Size of Avalanches
Avalanche size is defined by the largest potential avalanche, or expected range of sizes related to the problem in question. Assigned size is a qualitative estimate based on the destructive classification system and requires specialists to estimate the harm avalanches may cause to hypothetical objects located in the avalanche track (AAA 2016, CAA 2014). Under this schema, "Small" avalanches are not large enough to bury humans and are relatively harmless unless they carry people over cliffs or through trees or rocks. Moving up the scale, avalanches become "Large" enough to bury, injure, or kill people. "Very Large" avalanches may bury or destroy vehicles or houses, and "Historic" avalanches are massive events capable of altering the landscape.

Signal Word Size (D scale) Simple Descriptor
Small 1 Unlikely to bury a person
Large 2 Can bury a person
Very Large 3 Can destroy a house
Historic 4 & 5 Can destroy part or all of a village
More info at Avalanche.org

Snow started falling this morning and will continue to fall for most of the day today (fingers crossed we avoid the “R” word). This weather pattern is already favoring Girdwood over Turnagain. Five inches have already fallen in Girdwood with only an inch registering on the Center Ridge SNOTEL.  An additional 4-7″ is forecast to fall today. The avalanche danger will be really dependent on how much snow we get and how well it bonds to existing snow surfaces.  The winds aren’t supposed to be strong but if they kick up a bit they could add to the slab building in the Alpine. Paying attention to changing conditions will be crucial today. If this storm really produces, watch for storm slabs to form. Southerly slopes have a sun crust, northerly protected slopes have loose faceted snow and wind affected terrain has a hard wind crust. New snow is not expected to bond well to any of these surfaces.  The temperatures will also rise, potentially creating a bit of an ‘upside down’ storm situation with heavier snow falling on lighter snow. The other factor to consider is that triggering a storm slab avalanche could overload our layers of lurking buried weak snow and produce a larger avalanche (more in Problem 2).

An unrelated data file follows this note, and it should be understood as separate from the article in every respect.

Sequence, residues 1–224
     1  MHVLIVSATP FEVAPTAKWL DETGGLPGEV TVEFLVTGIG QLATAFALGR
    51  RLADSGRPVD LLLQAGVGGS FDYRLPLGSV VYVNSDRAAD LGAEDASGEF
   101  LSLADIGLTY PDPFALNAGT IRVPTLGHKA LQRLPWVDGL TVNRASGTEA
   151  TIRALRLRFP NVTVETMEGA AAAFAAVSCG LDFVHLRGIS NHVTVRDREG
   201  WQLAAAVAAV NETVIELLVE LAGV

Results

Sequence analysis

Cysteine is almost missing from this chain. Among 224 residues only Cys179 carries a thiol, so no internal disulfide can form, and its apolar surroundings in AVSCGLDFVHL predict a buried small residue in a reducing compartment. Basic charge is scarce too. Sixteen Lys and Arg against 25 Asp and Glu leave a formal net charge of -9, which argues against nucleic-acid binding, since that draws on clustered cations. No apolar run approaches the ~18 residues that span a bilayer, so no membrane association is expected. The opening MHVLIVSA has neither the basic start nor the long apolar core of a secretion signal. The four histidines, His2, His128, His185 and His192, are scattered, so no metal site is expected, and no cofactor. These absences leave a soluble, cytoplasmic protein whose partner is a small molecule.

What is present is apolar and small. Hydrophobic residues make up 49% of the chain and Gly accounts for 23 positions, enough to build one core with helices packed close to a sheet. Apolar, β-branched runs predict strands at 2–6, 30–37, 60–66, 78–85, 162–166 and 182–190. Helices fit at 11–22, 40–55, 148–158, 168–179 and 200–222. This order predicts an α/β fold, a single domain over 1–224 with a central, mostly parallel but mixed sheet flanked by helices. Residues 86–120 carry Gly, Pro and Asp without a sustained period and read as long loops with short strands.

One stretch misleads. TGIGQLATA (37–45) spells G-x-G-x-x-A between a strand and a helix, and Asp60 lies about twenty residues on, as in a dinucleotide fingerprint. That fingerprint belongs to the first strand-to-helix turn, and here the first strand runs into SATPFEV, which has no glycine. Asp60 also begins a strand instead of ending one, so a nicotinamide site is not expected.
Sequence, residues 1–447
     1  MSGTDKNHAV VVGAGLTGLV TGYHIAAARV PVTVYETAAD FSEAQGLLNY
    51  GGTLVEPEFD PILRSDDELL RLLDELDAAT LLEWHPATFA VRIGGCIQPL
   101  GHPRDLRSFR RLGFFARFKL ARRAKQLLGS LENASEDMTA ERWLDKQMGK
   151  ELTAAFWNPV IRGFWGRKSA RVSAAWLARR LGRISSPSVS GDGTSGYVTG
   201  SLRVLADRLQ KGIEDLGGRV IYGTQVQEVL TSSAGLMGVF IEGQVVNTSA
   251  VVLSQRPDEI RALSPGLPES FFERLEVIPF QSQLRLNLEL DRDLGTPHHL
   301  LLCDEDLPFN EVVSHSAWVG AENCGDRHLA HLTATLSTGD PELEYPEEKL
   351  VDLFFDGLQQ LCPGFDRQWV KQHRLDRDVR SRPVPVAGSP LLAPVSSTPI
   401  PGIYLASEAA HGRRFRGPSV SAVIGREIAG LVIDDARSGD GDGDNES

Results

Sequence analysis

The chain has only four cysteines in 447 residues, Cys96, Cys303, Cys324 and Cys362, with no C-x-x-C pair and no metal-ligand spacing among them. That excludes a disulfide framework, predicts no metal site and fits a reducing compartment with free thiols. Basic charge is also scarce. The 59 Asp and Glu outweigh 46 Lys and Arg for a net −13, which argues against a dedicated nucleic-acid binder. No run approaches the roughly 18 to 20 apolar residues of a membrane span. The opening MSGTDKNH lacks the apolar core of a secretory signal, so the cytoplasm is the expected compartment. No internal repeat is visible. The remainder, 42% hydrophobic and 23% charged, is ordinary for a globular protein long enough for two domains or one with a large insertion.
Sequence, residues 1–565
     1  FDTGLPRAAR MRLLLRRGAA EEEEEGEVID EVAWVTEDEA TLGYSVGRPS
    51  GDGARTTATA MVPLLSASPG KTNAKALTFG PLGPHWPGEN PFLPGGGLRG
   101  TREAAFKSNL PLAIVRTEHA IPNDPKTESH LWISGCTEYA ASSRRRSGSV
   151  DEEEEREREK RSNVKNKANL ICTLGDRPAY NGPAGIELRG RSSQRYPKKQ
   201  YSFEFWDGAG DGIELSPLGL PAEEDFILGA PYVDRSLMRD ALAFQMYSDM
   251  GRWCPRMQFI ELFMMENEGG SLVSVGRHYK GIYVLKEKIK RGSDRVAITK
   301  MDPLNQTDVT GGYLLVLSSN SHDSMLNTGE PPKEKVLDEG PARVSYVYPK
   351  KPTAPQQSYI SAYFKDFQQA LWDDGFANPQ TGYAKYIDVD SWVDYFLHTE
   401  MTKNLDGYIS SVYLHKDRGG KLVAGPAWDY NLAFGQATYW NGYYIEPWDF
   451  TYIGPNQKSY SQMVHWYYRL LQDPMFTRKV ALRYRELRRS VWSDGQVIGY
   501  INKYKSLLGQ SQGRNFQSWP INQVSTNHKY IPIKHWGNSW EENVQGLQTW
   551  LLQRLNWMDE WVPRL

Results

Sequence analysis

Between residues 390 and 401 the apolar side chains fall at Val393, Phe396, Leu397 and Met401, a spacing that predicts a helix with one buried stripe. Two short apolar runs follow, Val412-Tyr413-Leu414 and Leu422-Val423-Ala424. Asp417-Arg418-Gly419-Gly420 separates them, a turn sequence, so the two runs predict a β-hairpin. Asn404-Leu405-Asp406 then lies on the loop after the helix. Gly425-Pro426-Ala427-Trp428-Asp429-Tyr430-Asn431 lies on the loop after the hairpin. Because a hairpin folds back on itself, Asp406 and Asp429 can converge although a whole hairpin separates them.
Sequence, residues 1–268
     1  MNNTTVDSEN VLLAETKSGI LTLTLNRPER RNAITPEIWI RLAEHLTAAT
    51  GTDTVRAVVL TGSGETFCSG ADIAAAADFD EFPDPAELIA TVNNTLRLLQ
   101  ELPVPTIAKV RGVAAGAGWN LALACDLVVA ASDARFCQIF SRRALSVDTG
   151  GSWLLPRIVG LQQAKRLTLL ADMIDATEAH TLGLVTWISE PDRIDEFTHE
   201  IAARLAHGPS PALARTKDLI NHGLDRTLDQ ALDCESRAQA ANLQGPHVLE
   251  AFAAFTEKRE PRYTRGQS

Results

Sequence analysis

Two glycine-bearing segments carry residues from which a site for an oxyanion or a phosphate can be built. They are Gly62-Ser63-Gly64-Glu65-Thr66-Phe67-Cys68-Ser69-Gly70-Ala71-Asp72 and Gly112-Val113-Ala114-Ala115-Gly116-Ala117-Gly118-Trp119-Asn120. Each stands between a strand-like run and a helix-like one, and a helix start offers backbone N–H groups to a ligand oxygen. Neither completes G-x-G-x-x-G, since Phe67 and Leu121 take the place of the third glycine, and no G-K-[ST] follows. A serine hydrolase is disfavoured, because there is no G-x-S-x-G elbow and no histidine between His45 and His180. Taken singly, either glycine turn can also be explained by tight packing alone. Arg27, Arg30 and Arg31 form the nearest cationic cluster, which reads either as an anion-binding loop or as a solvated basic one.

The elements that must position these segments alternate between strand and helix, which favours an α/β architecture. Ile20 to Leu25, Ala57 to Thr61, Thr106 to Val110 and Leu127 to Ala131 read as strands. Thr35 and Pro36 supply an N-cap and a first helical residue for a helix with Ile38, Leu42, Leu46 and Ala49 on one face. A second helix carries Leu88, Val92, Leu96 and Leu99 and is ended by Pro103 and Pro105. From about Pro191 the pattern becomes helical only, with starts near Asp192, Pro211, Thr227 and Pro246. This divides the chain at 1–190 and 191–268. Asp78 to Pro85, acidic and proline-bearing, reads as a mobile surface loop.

The rain/snowline may rise to around 500′. Rain on snow may produce small roller balls and mini wet loose avalanches.

Dry loose snow avalanches: Steep slopes that have been sheltered from the wind have up to a foot of loose snow sitting on top of firm surfaces. New snow will add volume to this set-up. It will be easy to trigger dry loose avalanches (sluffs), and they could pickup enough speed to carry a person. While it is unlikely they will be big enough to bury you, they can be dangerous if they drag you into terrain traps like cliffs, trees, rocks, or gullies.